Article: An Indigenous View on Black Lives Matter, Leanne Simpson, Yes! Magazine, December 2014
Article: #NativeLivesMatter: It’s a Different Kind of Hurt, Johnnie Jae, Native News Online, December 2014
Article: Native Lives Matter, Too by Lydia Millet, the New York Times, October 2015
Article: Native Lives Matter goes beyond police brutality by Aaron G. Fountain, Jr., Al Jazeera America, February 2016
Resource: Black Lives Matter & Native Lives Matter for Justice (website)
Resource: Native Lives Matter Coalition organizing website (information on upcoming events and campaigns)
Policing and Police Violence
Book Suggestion: Policing Race and Place in Indian Country: Over and Under Enforcement by Barbara Perry, Lexington Books (January 16, 2009)
Book Suggestion: Inventing the Savage: The Social Construction of Native American Criminality by Luana Ross. University of Texas Press (1998)
Article: “A Brief History of Slavery and the Origin of American Policing” by Victor E. Kappeler
Article: “Native Americans Get Shot by Cops at an Astonishing Rate,” Al Vicens, MotherJones, July 2015
Article: “U.S. Must Return ALL Stolen Land to Native Tribes In Order to End Police Brutality and Racism” by Counter Current News
Report: Native Lives Matter by the Lakota Law Project (report on police brutality)
Resource: “Tribal Governance” webpage by the National Congress of American Indians
Book suggestion: Indians in Prison: Incarcerated Native Americans in Nebraska by Elizabeth S. Grobsmith. University of Nebraska Press; First Edition/First Printing edition (February 1, 1994)A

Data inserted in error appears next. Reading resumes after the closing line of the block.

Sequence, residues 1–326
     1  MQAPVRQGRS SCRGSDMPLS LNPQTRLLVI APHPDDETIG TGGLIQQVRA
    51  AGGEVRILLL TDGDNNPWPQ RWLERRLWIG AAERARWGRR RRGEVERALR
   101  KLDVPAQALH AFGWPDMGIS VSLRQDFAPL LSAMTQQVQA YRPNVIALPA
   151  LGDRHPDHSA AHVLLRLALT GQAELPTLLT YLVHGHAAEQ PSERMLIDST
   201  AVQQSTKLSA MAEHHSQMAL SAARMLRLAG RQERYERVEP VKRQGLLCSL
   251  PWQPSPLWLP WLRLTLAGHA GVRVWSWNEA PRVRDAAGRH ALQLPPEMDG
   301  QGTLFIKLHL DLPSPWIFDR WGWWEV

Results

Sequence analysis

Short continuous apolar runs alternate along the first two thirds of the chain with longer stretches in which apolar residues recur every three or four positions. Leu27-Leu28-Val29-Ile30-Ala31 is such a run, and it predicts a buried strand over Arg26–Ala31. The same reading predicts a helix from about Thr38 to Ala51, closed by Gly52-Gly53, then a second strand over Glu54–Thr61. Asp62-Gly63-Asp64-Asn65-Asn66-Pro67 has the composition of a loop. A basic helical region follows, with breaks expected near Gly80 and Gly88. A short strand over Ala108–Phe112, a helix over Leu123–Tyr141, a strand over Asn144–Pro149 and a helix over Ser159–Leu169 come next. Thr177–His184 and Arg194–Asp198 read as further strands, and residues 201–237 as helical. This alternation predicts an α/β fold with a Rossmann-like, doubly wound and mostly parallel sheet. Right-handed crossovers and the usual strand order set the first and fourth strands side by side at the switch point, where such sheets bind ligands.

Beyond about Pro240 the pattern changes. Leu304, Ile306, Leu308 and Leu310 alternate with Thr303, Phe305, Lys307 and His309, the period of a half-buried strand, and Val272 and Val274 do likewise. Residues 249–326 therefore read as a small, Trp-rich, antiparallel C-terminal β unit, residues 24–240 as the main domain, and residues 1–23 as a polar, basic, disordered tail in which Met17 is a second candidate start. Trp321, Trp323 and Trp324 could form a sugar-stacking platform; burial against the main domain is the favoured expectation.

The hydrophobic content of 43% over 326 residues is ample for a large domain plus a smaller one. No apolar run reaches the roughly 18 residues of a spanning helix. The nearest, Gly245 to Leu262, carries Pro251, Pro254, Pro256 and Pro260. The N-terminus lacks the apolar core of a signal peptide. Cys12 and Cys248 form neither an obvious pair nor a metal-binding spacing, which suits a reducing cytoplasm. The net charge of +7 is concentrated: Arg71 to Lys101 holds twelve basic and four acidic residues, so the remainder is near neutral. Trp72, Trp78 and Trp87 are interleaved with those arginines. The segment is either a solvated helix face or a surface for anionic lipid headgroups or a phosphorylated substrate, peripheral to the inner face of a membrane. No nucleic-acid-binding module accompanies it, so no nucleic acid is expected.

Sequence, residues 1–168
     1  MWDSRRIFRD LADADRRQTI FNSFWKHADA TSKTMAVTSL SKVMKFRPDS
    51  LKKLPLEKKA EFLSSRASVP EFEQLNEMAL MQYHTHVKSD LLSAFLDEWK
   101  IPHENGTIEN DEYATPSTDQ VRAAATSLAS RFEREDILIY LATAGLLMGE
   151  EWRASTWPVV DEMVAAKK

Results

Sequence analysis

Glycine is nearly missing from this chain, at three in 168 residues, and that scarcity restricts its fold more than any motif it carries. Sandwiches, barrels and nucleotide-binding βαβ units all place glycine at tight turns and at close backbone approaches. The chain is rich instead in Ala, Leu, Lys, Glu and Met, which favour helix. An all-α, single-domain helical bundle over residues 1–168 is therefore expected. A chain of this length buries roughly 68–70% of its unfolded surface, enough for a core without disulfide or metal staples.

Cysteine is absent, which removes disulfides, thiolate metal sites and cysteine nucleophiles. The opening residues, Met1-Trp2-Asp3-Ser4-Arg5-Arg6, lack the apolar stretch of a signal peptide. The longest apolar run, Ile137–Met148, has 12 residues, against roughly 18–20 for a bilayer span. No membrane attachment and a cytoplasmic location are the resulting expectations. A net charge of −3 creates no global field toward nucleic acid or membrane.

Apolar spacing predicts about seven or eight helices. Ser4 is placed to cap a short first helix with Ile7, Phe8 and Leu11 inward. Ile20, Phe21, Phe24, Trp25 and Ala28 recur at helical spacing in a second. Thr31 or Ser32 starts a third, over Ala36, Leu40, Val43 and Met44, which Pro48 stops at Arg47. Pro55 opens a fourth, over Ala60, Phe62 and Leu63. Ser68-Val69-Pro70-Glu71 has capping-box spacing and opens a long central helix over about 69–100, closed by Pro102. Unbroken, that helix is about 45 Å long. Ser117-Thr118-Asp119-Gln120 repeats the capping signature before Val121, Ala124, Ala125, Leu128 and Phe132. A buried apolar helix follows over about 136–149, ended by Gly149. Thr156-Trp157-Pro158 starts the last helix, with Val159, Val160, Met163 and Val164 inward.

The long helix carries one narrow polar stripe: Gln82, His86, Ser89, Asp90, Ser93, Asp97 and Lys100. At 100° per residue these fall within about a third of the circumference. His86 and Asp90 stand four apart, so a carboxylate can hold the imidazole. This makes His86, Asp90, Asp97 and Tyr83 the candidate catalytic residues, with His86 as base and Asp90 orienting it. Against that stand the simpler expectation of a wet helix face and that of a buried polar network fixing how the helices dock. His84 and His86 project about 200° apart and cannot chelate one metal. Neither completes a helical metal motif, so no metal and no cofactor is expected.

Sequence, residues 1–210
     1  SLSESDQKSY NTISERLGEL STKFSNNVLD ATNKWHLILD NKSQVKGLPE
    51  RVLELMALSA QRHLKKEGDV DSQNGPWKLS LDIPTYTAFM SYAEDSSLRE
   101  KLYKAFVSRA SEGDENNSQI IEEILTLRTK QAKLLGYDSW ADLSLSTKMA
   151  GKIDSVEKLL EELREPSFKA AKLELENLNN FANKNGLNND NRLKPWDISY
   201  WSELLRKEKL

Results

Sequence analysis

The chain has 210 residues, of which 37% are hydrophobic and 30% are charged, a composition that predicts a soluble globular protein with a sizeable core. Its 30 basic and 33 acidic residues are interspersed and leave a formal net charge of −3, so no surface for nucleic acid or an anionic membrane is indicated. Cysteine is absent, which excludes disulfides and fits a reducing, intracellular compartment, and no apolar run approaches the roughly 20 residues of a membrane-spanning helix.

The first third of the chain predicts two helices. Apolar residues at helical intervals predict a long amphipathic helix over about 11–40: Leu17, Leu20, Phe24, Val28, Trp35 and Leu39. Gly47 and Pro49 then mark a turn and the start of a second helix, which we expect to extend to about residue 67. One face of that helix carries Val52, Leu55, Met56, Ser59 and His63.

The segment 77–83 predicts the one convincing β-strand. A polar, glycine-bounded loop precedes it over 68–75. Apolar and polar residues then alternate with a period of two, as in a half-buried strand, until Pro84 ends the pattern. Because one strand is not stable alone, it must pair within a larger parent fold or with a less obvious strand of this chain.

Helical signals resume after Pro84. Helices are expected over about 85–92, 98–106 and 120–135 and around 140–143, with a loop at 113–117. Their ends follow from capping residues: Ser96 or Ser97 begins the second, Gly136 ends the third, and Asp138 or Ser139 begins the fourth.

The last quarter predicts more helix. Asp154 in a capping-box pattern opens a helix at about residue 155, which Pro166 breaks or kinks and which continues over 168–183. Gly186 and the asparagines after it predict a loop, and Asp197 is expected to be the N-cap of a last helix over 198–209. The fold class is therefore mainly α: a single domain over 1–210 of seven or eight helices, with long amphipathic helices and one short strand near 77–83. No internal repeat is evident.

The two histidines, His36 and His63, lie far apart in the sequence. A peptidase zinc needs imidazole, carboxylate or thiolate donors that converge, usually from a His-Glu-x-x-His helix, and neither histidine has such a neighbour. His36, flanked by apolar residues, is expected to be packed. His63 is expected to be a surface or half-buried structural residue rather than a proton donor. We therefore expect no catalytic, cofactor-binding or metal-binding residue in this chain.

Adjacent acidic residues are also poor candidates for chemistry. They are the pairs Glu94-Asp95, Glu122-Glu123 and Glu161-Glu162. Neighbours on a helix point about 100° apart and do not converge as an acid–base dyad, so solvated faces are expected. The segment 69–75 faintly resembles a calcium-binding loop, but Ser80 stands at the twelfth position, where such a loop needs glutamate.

Article: “The Quiet Crisis in Native American Juvenile Justice” by Robert Winters
Article: “The American Indian in the White Man’s Prison: A Story of Genocide, 1989” by Little Rock (Timothy) Reed
Article: Sweat Lodges in American Prisons by Prison Legal News
Article: Mass Incarceration Since 1492: Native American Encounters with Criminal Injustice by James Kilgore for Truthout, February 2016
Violence against women
Book suggestion: The Beginning and End of Rape: Confronting Sexual Violence in Native America by Sarah Deer. Univ Of Minnesota Press (November 1, 2015). Read an interview with the author to learn more about her book here
Book suggestion: Chain Her by One Foot: The Subjugation of Native Women in Seventeenth Century New France by Karen Anderson. Routledge, 1993
Book suggestion: Injustice in Indian Country: Jurisdiction, American Law, and Sexual Violence Against Native Women by Amy L. Casselman, Peter Lang Inc., International Academic Publishers (November 29, 2015)
Novel Suggestion: The Round House, a novel by Louise Erdrich, Harper Perennial; Reprint edition (September 24, 2013)
Report: Maze of Injustice: The Failure to Protect Indigenous Women from Sexual Violence in the USA, Amnesty International Report
Article: Broken Justice in Indian Country, N. Bruce Duthu, August 2008
Resource: “Ending Violence Against Native Women” webpage by the Indian Law Resource Center
Resource: The Counted: People killed by the police in the US, database by the Guardian
Resource: Missing and Murdered Indigenous Women Solidarity Campaign (from Native Lives Matter website)
Resource: Origins of the Women's Memorial March (in Minneapolis)